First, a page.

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john ibbitson

In asking the Supreme Court to rule on whether the federal government has the power to create a national securities regulator, Stephen Harper is taking up a fight from which every prime minister before him has fled.

The man who has offered one concession after another to Quebec, and to all provinces, is asserting a potent claim: that Canada is an economic as well as a political union, and that the federal government has the right and duty to preserve that union.

Quebec, which sees the country as a condominium of sovereignties, with Quebec given special authority to protect the French nation, will react with fury. Premier Jean Charest, who must prove he is as willing as any separatist to fight in defence of his province's interests, will howl. That howl will be echoed in Alberta, which is no less fiercely determined to preserve provincial autonomy.

This will test the nation. Previous references to the Supreme Court have asked whether Ottawa could unilaterally patriate the Constitution; in what circumstances Quebec could secede; whether the federal government could legalize same-sex marriage.

They were battles royal, and this one will not be pleasant either. But Mr. Harper is committed to shaping Canada as a single economic space. And he will enter the ring knowing that he is almost certain to win.

"It is legally wise and politically astute for Ottawa to do this," said Ed Morgan, an authority on constitutional law at the University of Toronto.

Traditionally, the provinces have controlled their securities markets, on the grounds that they are constitutionally responsible for regulating industry. This has led to the cumbersome patchwork of 13 different securities regulators in the provinces and territories from which companies must seek approval (although there has been some harmonization).

But many constitutional experts, including Prof. Morgan, believe Ottawa could create a national regulator using its powers to regulate commerce. Previous governments have shied away from such a federal-provincial confrontation.

Mr. Harper is hardly a Trudeauesque centralizer. He is the prime minister who recognized Quebec as a nation. He has gone further than any of his predecessors to end the so-called disequilibrium between the federal spending power and the provincial spending responsibilities.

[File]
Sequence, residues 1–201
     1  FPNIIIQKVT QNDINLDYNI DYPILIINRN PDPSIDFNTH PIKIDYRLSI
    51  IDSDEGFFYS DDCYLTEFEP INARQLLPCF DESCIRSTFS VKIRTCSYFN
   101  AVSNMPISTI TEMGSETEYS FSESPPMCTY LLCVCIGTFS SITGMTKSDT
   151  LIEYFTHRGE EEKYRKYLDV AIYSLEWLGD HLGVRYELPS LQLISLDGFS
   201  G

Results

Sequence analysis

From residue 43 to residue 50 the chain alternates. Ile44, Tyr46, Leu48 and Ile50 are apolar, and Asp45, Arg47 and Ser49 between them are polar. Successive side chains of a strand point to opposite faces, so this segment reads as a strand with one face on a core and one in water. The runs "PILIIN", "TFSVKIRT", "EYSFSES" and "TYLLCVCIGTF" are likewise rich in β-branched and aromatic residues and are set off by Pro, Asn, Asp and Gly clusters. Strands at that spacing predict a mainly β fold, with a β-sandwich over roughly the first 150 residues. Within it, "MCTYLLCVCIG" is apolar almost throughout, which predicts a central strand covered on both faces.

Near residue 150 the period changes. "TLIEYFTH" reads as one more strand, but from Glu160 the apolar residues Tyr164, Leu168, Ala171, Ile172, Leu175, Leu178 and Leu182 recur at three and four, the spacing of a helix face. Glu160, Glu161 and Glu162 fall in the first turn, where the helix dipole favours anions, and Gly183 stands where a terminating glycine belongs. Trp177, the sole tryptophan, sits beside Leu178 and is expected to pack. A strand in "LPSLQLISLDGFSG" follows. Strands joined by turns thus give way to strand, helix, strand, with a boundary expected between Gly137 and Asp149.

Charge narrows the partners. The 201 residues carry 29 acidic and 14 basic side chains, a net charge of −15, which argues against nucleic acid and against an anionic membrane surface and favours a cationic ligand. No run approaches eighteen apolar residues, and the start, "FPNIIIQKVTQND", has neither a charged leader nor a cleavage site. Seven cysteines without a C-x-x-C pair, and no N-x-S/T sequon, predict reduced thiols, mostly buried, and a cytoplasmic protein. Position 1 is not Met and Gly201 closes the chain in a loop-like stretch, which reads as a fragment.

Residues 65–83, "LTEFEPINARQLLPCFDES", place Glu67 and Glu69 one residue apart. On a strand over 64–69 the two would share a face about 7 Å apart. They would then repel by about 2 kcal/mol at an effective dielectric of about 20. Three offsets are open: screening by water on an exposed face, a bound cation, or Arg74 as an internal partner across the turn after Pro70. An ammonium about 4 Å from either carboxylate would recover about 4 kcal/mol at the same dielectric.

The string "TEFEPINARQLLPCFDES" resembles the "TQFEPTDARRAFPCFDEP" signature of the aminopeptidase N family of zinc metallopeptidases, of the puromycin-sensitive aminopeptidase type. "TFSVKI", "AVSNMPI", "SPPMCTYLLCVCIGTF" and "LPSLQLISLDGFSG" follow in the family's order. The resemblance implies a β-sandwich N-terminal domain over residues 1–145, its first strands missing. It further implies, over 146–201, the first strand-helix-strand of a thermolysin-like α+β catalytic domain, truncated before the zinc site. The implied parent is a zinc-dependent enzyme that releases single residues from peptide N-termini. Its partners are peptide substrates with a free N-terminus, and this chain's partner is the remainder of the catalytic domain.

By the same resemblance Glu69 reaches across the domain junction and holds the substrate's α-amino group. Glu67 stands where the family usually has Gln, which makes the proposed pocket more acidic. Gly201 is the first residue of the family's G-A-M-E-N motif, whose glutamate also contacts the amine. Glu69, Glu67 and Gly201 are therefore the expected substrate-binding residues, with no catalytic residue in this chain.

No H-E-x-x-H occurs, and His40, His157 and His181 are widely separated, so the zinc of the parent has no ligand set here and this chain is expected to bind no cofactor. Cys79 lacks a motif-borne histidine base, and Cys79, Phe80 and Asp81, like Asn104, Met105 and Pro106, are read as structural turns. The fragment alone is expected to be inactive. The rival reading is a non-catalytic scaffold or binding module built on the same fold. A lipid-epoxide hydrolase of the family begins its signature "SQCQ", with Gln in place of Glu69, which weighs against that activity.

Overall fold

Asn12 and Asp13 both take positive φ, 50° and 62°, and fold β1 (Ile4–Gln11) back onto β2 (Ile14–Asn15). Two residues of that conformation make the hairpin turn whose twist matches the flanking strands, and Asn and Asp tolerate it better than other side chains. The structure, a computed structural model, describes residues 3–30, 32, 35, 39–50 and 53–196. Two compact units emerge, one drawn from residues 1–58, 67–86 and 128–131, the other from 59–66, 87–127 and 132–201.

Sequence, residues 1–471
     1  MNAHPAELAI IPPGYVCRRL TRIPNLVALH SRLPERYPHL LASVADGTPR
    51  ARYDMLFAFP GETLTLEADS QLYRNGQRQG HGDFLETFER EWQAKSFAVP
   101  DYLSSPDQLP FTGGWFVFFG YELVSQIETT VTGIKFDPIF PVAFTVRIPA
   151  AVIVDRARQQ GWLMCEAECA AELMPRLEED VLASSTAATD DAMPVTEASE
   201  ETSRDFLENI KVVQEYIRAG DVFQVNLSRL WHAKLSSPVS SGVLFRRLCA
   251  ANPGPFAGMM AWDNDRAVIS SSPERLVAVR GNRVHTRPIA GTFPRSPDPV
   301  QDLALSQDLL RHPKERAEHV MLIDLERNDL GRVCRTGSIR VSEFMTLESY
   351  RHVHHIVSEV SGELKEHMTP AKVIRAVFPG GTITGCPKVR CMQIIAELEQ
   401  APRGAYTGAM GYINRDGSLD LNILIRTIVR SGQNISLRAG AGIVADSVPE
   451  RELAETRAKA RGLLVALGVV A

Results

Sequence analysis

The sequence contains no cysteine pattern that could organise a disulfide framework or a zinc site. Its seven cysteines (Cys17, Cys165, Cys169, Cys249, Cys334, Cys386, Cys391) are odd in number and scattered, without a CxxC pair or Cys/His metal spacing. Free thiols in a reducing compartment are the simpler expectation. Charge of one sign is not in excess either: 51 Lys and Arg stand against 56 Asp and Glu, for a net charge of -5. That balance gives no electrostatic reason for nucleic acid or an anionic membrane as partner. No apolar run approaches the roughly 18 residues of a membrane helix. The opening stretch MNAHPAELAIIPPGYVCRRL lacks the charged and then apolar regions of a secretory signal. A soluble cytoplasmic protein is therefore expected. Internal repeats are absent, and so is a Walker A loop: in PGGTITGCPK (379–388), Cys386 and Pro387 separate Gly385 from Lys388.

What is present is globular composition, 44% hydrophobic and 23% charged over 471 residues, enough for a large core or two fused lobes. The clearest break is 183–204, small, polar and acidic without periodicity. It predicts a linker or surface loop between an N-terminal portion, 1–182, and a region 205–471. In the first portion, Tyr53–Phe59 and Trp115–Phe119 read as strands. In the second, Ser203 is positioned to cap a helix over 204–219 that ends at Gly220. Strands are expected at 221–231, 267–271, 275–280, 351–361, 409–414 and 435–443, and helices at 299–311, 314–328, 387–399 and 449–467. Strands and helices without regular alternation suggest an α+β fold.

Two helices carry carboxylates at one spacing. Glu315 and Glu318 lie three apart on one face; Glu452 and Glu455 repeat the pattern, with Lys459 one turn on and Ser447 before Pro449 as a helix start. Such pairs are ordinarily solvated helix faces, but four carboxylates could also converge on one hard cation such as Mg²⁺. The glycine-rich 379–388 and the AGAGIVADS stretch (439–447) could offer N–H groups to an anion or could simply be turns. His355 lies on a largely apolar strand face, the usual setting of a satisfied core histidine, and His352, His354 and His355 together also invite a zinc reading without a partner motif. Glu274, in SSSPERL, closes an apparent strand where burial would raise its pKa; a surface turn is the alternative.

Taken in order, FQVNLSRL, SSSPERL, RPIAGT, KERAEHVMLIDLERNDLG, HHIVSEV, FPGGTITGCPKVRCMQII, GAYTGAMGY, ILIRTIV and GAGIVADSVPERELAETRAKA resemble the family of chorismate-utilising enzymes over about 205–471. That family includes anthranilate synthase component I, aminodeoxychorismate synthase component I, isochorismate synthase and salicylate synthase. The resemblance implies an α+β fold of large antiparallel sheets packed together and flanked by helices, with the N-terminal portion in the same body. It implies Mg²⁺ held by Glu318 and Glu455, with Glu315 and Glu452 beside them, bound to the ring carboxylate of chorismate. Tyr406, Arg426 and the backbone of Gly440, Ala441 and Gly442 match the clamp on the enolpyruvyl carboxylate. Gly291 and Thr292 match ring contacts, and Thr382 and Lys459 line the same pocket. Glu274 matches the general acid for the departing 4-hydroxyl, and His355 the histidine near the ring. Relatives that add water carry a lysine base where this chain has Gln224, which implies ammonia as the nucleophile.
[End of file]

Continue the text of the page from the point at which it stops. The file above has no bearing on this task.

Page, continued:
But whether it is harmonizing sales taxes or regulating the markets, this government is committed to reducing barriers to trade and investment.

And since Quebec had already asked its Supreme Court to rule on the constitutionality of a national regulator, it makes sense for the federal government to trump that by framing the question in its own terms before the highest court in the land.

There is another reason to move now. Canada is host of the G8 meeting in Huntsville, Ont., next year. This country promotes itself as a model of responsible financial regulation that allowed it to escape the debacle of the banking crisis that brought on a global recession.

But the existence of a Nunavut securities registrar hardly squares with such an enlightened, efficient image. Finance Minister Jim Flaherty will at least want to be able to say that Canada is moving toward creating a national commission when he makes his pitch for regulatory reform at G8 or G20 meetings.

This move will not be without political cost. Mr. Harper has given Gilles Duceppe and the Bloc Québécois a potent political weapon. See, the Bloc will tell Quebeckers, nothing is safe. Only sovereignty will protect us from the predatory federal power.

Mr. Harper will reasonably respond that Quebec, Alberta or any other province can decide not to join the national commission. The fear, though, is that companies will be given a choice to be regulated by a provincial or federal commission. Bigger companies in Quebec or Alberta might well opt to be nationally regulated, leaving the Quebec and Alberta securities commissions a rump authority.

(Manitoba, which is in a leadership race for a new premier, is also not onside, although that could change.)

The contest will be neither pleasant nor brief. The fights over the Constitution, the Clarity Act and gay marriage pitted Canadian against Canadian, region against region, politician against politician. This won't be quite that intense - most people have no strong feelings about which jurisdiction should regulate securities - but more than enough rhetorical blood will be spilled before this is ended.